Translating Feminism into Telugu: A Socio-Historical Study of Agents
Rajkumar Eligedi is working as an Assistant Professor at Prince Sattam bin Abdulaziz University, KSA. He has worked as an Assistant Professor at Symbiosis International University from 2015 Dec to 2016 January. He is recently graduated from the English and Foreign Languages University with a Ph.D. in English (Translation Studies). He worked on gender in translations at Technische Universität Dresden (TUD) for a semester. He has made presentations on translating feminism, and Dalit feminism at NeMLA in New York, Stuttgart, and Potsdam.
The study attempts to understand the role of intermediary agencies in the area of translating global feminist knowledge into the Telugu society. Identifying translators, organizations, publishing houses and magazines as such agencies, it provides an analysis of the Skopos (purpose) and function of this feminist knowledge. The study further discusses the intentions/ ideologies of agents in using translation as a significant socio-political instrument in the construction of the feminist discourse in the Telugu society. While demonstrating how translation was used as a transmitter for the circulation and distribution of feminist ideas in the Telugu society, it will try and gauge the influence of International feminist thinking on Telugu feminist translators, writers and activists. It also throws light on the opposition met in translating feminist ideas into Telugu, and the intellectual efforts and resistance provided by the feminist translators, writers, activists and publishers as agents of social change, thereby bringing acceptability to the discussion on feminism in public sphere is also attempted.
The study attempts to discuss “feminism” as a travelling concept journeying from one space to another through translation: from socio-political contexts across the world to the Telugu context and vice versa. The first significant feminist translator in Telugu was Volga. To protest against male domination, she left revolutionary organizations and began translating feminist texts and ideas into the Telugu language. Basic concepts of feminism like patriarchy, oppression, sexuality, motherhood, reproductive rights and sexual freedom were worked on to educate and enlighten progressive groups and others. This was met with severe criticism. Numerous translators like, Popuri Lalitha Kumari, popularly known through her penname as Volga, P. Satyavathi, a few organizations like, Stree Shakti Sanghatana, Feminist Study Circle, Anveshi and Asmita, the publishing houses like Hyderabad Book Trust, and magazines like Bhumika and Mahila Margam played a key role in translating feminist ideas and bringing their acceptability to the discourse on feminism in Telugu.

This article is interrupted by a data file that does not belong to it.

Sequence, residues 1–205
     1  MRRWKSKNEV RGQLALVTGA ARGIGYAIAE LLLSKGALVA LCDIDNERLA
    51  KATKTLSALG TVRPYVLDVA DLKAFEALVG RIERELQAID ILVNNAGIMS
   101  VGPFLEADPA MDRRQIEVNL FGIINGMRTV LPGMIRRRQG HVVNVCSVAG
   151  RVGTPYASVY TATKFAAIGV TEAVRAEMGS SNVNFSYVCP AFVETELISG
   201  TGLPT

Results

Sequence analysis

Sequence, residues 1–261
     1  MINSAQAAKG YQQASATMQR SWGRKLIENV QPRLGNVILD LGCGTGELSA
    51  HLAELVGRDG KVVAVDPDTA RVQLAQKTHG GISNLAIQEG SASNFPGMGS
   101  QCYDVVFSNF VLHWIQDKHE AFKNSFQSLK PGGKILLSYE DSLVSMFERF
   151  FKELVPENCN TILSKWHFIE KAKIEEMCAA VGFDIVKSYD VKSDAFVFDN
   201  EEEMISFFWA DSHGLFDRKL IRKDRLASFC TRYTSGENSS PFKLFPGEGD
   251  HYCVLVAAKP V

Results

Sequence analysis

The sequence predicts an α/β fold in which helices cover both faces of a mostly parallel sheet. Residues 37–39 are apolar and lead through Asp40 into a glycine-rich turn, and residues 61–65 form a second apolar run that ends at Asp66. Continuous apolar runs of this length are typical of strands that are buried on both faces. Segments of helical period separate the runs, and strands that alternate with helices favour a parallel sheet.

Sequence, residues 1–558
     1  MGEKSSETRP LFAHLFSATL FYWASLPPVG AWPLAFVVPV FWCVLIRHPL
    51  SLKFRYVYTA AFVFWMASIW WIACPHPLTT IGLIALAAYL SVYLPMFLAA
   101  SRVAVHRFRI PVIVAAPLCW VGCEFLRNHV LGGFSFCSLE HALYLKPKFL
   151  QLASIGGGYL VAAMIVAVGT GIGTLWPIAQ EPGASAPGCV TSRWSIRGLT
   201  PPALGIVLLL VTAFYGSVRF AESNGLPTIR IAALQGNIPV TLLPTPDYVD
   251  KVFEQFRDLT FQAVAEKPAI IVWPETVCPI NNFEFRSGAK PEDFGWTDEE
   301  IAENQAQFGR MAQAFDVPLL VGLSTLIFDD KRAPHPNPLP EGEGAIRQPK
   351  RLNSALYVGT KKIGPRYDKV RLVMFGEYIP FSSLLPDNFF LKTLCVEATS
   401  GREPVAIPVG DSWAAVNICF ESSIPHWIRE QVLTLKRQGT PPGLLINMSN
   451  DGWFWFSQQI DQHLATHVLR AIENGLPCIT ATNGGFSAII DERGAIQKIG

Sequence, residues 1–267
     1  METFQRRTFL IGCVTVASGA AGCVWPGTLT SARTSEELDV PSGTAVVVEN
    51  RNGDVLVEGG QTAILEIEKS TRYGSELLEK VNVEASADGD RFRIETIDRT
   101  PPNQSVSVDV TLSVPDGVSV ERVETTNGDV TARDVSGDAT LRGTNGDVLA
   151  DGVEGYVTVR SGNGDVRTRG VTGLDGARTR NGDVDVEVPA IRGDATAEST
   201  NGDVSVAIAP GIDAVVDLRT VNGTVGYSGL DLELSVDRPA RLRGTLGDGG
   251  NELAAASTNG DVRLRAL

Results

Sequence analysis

In the globalised world, ideas travel from one setting to another including from one language to another, one culture to another and one society to a different one. Feminist ideas, just like all other ideas and ideologies, have travelled across the world through translations. Likewise their ‘travel’ from the international context into the Telugu society was necessitated by the needs of women and demands of women’s movement. Ideas of feminism have travelled across the world through translation in the context of the international feminist movement. Ideas are considered important determinants of change in a society. We need to consciously acknowledge Telugu Feminists in their characteristic role in trying to bring social change to the existing patriarchal society by introducing a certain version of feminism, made accessible through translation, which combined theory with practice to the Telugu-speaking readership. They sought to do this by bringing to light painful narratives of women’s sufferings, voicing different forms of their suppression and subsequent stories of their journey to liberation from dominant patriarchal institutions.
This dissertation consists of six chapters. The introductory chapter surveys debates and reviews of existing studies that lie at the critical juncture of Feminist thought and Translation Studies. The second chapter analyses Volga’s role in stimulating a debate on feminism in Telugu, through her translations, original texts and her role as an activist. Here, it particularly discusses the opposition met in translating feminist texts or ideas into Telugu and the struggles of Volga in establishing feminism as a serious discipline of thought. The third chapter discusses the emergence of feminist organizations like Stree Shakti Sanghatana, Feminist Study Circle, Anveshi and Asmita and the influence of international feminist thinking on Telugu feminist writers, translators and activists.
The fourth chapter attempts to study the role of Gita Ramaswamy as a publisher of Hyderabad Book Trust (HBT) in translating the feminist knowledge into Telugu. The fifth chapter analyses the role of the translations published in two Telugu feminist magazines Mahila Margam and Bhumika between 1989 and 2008 in translating feminist ideas into Telugu. Thus, this dissertation shows how translation has played a significant role in the dispersal and dissemination of Feminist ideas and knowledge in the Telugu public sphere. As an agency of knowledge production and dispersion, its function was carried through various functionaries, both individual and institutional, and this dissertation attempted to locate them within the socio-historical frame.
KEY WORDS: Feminist Translation, Agency, Ideologies, Skopos, Social Change, Translation Historiography, History of Ideas, Translation/Globalisation of Knowledge
Completion of thesis:
Place: The English and Foreign Languages University, Hyderabad, India
Supervisor: Prof. H. Laxmi
Advisors: Dr. V.B. Tharakeshwar, and Prof. K. Satyanarayana.